Pialligo wine with your dagwood dog? The Show gets fancy

It happened to Ainslie, Acton, Braddon and the southern shore of our beautiful lake - and now it's happening to the Royal Canberra Show.

The 91-year-old event, designed around agricultural competitions, rides and dagwood dogs, is undergoing serious gentrification in 2019 in a bid to bring the crowds back. Next year, you'll be able to trade showbags and meat pies for a cool can of Bentspoke beer and a spot in the shade listening to live music.

Forget fairy floss and cheese on a stick, Pialligo Estate general manager Charlie Costello is bringing cured meat and wine to the 2019 Royal Canberra Show. Photo: Jamila Toderas

Forget fairy floss and cheese on a stick, Pialligo Estate general manager Charlie Costello is bringing cured meat and wine to the 2019 Royal Canberra Show. Photo: Jamila Toderas

The number of stallholders at next year's Royal Canberra Show is set to more than double, with a focus less on tie-dyed T-shirts, temporary tattoos and hot chips and more on craft beer, locally-produced wine and handmade crafts.

Pialligo Estate and Bentspoke Brewery has signed on as a stallholder in a brand new area called 'Canberra on Show', which will feature 50 stalls in total - 20 of which will be food and beverage stalls.

Royal Canberra Show chief executive Athol Chalmers said Canberra's Greek, Scottish and African community groups are also keen to offer traditional food on-site at the show.

The traditional food offering will still be available at the 2019 Show. Photo: Jamila Toderas

The traditional food offering will still be available at the 2019 Show. Photo: Jamila Toderas

"On one level the Show is fundamentally about promoting agriculture and showcasing agriculture - that's a given - but the other part of the Show is it's a community event," Mr Chalmers said.

"The Show should be an opportunity for the community to get together and show what we've got in Canberra.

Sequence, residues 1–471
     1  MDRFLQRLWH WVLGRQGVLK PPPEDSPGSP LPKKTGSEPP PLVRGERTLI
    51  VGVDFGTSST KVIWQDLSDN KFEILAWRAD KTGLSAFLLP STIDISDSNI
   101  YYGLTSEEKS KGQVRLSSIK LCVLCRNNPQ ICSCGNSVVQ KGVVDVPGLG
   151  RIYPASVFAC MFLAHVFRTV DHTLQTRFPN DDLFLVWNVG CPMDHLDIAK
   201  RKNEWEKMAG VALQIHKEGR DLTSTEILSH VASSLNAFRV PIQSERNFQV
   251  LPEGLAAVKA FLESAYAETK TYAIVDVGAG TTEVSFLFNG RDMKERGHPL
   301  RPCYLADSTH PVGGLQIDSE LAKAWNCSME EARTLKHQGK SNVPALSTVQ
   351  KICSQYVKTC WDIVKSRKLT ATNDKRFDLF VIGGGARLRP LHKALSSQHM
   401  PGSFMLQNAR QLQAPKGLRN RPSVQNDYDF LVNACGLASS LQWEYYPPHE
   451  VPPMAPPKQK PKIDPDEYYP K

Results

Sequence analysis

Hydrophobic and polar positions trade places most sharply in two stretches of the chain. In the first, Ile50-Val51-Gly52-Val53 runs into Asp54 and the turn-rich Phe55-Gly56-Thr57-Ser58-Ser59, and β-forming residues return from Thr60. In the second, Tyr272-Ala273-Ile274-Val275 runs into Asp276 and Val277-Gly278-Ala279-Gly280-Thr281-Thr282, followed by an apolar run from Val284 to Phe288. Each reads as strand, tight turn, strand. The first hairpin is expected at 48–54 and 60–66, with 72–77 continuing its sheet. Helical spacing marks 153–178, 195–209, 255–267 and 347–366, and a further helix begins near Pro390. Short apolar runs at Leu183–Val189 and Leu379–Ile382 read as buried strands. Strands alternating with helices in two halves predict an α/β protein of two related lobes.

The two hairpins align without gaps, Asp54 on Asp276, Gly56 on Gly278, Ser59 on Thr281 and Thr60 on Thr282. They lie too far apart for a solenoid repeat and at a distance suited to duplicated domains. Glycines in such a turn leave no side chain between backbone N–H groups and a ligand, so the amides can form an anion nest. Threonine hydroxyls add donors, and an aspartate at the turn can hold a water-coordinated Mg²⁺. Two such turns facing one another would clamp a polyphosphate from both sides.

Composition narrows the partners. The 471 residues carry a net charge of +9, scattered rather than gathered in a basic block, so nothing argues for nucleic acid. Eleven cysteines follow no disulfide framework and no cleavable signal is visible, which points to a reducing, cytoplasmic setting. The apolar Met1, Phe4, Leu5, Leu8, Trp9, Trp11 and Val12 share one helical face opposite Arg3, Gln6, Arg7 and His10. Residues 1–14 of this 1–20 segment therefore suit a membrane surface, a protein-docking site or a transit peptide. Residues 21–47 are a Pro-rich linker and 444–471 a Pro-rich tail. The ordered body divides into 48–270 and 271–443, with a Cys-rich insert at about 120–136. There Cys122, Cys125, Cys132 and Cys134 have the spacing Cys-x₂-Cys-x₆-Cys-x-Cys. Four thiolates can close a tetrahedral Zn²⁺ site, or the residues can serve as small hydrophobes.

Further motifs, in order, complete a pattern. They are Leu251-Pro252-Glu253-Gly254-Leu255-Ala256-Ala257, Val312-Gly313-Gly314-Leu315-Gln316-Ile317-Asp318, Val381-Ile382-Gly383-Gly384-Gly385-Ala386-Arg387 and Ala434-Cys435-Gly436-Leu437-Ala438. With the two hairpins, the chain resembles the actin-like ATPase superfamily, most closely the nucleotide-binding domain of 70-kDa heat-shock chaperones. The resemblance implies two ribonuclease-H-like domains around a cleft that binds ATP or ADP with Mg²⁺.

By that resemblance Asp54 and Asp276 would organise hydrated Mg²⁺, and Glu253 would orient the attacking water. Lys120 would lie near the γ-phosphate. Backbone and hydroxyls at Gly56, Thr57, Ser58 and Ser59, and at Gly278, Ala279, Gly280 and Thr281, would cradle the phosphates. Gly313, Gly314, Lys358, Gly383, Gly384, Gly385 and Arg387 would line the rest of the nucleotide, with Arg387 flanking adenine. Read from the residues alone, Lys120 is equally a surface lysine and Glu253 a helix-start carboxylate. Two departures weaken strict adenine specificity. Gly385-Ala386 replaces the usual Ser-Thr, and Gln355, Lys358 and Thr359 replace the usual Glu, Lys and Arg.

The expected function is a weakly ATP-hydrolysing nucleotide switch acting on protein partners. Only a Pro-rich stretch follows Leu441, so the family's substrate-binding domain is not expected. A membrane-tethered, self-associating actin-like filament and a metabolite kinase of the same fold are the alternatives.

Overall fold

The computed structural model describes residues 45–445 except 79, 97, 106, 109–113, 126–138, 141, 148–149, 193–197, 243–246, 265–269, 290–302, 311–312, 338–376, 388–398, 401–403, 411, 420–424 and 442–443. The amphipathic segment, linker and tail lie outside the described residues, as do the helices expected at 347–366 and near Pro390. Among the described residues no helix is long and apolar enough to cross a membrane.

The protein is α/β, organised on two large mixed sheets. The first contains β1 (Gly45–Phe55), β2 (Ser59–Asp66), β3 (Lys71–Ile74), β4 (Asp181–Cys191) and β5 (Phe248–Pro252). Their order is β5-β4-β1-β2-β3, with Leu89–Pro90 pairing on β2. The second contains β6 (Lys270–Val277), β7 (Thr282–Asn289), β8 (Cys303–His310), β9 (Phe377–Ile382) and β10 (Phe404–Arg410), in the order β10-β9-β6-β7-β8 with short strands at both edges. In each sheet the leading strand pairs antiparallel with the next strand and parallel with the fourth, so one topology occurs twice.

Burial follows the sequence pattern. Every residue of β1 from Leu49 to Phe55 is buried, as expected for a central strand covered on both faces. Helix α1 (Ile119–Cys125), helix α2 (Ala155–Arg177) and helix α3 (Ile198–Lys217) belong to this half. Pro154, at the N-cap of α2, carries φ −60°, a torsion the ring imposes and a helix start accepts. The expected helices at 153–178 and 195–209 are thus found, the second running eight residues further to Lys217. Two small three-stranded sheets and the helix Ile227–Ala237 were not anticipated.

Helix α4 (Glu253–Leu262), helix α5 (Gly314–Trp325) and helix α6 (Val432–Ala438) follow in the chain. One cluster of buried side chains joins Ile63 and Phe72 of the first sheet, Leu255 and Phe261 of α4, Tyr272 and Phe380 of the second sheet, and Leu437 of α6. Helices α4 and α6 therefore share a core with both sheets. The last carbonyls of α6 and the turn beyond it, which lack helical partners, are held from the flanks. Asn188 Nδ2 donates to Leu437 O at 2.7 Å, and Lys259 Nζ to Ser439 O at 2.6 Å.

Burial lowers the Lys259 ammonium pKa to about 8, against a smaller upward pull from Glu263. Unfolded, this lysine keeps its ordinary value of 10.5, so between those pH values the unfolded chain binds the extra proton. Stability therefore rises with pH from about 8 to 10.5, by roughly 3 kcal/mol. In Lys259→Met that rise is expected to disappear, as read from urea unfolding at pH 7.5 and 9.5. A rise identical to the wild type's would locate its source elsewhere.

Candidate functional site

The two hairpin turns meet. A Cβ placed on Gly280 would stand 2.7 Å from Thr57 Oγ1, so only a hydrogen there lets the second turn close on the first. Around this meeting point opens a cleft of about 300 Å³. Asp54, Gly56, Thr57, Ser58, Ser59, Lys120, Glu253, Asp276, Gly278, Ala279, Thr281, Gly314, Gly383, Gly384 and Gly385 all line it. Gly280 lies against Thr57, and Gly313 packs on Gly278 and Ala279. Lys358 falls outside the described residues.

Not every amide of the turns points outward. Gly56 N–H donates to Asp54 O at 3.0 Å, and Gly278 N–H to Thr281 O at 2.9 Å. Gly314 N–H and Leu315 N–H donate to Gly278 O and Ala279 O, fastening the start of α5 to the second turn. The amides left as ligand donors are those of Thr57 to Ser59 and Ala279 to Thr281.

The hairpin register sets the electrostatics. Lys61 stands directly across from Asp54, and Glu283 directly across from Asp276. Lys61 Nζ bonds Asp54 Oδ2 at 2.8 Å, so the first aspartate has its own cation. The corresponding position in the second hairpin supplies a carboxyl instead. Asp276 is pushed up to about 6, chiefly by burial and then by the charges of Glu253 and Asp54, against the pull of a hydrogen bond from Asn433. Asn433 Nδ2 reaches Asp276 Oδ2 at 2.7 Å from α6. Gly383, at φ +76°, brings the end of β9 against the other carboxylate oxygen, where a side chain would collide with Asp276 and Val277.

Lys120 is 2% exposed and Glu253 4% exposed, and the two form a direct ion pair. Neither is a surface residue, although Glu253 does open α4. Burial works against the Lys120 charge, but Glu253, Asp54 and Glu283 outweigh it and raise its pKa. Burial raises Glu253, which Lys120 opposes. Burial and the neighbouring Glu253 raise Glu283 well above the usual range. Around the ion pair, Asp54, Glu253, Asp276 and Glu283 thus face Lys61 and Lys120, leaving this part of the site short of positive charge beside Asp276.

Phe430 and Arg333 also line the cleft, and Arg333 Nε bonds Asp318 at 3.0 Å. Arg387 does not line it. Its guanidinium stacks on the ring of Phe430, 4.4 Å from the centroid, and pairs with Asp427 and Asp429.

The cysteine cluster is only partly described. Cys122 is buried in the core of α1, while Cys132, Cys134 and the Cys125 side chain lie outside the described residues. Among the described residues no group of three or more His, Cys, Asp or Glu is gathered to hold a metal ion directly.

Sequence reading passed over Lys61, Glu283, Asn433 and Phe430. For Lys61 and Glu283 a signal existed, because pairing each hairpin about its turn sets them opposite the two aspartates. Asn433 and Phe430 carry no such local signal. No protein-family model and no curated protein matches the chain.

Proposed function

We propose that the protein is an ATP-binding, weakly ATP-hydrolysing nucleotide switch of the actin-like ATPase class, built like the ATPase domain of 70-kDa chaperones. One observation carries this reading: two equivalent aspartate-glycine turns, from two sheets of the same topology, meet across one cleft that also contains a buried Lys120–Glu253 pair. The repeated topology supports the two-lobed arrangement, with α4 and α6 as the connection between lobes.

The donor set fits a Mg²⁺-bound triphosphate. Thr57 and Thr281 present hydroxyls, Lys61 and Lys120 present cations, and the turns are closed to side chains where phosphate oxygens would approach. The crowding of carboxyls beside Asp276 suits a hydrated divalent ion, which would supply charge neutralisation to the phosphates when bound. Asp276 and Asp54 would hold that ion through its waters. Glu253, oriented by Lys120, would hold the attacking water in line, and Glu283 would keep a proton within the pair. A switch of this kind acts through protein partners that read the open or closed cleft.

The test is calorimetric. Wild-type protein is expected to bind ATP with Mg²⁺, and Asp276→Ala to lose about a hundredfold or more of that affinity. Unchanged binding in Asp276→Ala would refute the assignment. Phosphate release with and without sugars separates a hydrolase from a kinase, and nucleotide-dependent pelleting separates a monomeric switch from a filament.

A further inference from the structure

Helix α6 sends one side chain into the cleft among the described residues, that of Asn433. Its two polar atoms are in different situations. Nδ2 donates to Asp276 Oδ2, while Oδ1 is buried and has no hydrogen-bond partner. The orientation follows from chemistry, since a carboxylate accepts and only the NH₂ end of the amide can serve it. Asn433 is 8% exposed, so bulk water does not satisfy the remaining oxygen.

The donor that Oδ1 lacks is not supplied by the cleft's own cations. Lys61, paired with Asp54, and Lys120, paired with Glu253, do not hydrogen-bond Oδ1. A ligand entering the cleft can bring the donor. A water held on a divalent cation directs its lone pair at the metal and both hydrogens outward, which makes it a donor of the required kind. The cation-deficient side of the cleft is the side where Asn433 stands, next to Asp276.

"Things are changing ... we're listening to the feedback and designing an event the people of Canberra want."

A stage will be erected in the 'Canberra on Show' area, offering continuous entertainment across all three days of the 2019 event. Mr Chalmers said getting young people through the gates is a big focus for the show society next year, and slashing entry prices is just the beginning.

Prefer traditional show fare? Riley and Jessica Element enjoy a hotdog at last year's show. Photo: Jamila Toderas

Prefer traditional show fare? Riley and Jessica Element enjoy a hotdog at last year's show. Photo: Jamila Toderas

"It's not just our show but at all shows there's a real problem attracting millenials," Mr Chalmers said.

"It's very much a family event and/or people involved in agriculture in some way. But we need to make it an event that's relevant to young people to ensure its future."

The new food and drink offering is also designed to stop Canberrans "heading home to the suburbs for dinner at the end of the day".

"That's where our thinking is for sure - we want people to stay here and enjoy experiencing the Show into the evening," Mr Chalmers said.

"If they're not into the traditional offerings then the new offerings are designed to entice them to stay.

"More than 80 per cent of people who come to the Show are from Canberra. If we got 10 to 15 per cent of the catchment area [coming], that would really drive our audiences significantly."

Royal Canberra Show, February 22-24, 2019, Exhibition Park.